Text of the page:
* Lithuania calls first shale gas exploration tender
* US agency estimates Lithuania reserves at 113 bln bcm
* Licenses for 2 fields, contracts to be signed Q1 2013
VILNIUS, June 27 (Reuters) - Baltic state Lithuania, aiming to reduce its dependency on Russian gas, is keen to invest in shale gas and has called its first exploration tender, the Energy Ministry said on Wednesday.
“Shale gas could become a realistic and economically competitive alternative to natural gas supplied by Gazprom , now the sole gas supplier,” the ministry said in a statement.
The government plans to issue licenses for exploration in two fields - Silutes-Taurages with 1,800 square km and Kudirkos-Kybartu with 281 square km.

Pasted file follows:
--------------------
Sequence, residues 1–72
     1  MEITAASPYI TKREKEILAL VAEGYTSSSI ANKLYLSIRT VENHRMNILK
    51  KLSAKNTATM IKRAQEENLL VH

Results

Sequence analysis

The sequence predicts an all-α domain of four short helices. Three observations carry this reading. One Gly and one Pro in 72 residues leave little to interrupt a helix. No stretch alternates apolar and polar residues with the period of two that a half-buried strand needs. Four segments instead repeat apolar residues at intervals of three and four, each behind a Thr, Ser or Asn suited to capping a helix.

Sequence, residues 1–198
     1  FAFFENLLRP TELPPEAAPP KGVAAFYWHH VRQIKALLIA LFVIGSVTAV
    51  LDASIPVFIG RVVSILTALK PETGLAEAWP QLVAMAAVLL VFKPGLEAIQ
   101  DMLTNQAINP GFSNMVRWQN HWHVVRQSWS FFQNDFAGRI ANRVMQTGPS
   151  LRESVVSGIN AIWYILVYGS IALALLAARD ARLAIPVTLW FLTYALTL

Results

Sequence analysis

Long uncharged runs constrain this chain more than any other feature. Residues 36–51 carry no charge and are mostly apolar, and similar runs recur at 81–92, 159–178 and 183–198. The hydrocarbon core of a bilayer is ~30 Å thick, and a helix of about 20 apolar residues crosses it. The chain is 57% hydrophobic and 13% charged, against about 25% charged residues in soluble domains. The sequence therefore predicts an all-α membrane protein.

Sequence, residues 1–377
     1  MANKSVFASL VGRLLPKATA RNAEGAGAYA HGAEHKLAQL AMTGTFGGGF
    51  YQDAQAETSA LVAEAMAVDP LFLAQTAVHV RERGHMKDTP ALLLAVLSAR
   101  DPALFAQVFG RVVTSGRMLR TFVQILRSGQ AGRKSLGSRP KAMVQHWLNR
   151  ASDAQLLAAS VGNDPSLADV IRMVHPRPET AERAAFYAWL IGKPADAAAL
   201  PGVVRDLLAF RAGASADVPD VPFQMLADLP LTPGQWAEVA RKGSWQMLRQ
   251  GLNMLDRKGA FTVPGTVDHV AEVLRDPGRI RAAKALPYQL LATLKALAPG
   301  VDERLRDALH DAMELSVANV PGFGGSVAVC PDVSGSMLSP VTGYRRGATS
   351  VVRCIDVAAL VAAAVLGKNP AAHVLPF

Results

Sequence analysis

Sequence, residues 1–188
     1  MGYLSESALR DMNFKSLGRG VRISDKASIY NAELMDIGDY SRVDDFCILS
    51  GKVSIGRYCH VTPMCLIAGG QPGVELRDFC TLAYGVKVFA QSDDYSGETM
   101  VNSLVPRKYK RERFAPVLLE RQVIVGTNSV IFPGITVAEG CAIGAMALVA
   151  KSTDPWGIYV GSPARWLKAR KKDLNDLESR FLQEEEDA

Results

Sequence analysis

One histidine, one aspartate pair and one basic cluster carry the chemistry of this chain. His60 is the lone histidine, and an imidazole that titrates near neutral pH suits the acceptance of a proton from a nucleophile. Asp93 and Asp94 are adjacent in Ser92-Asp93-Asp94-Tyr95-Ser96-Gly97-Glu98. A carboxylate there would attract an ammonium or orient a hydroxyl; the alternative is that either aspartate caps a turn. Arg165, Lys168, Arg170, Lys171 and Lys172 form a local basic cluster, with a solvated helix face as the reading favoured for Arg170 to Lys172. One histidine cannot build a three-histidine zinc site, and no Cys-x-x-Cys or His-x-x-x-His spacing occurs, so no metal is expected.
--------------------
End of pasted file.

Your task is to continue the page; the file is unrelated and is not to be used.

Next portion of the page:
The deadline to table the proposals runs four months from Wednesday, and exploration contracts are expected to be signed in the first quarter of 2013, the ministry added.
Lithuania has become the latest European country to express an interest in shale gas.
Neighbouring Poland has also eyed the development of a shale gas industry, though it faced a setback after U.S. major Exxon Mobil pulled out of exploration projects. Experts also have said Germany has huge reserves that could be safely exploited.
Polish oil group Lotos, which controls top Lithuanian oil company Lotos Geonafta, said in January it planned to take part in a Lithuanian tender.
The State Geological Service estimates that Lithuania’s geological formations hold up to 500 billion cubic metres (bcm) of gas, though economically recoverable reserves could be a tenth of that.
A study by the U.S. Energy Information Administration has said Lithuania could have recoverable reserves of 113 bcm. (via Oslo newsroom, writing by Nerijus Adomaitis, editing by Patrick Lannin in Stockholm and Jane Baird)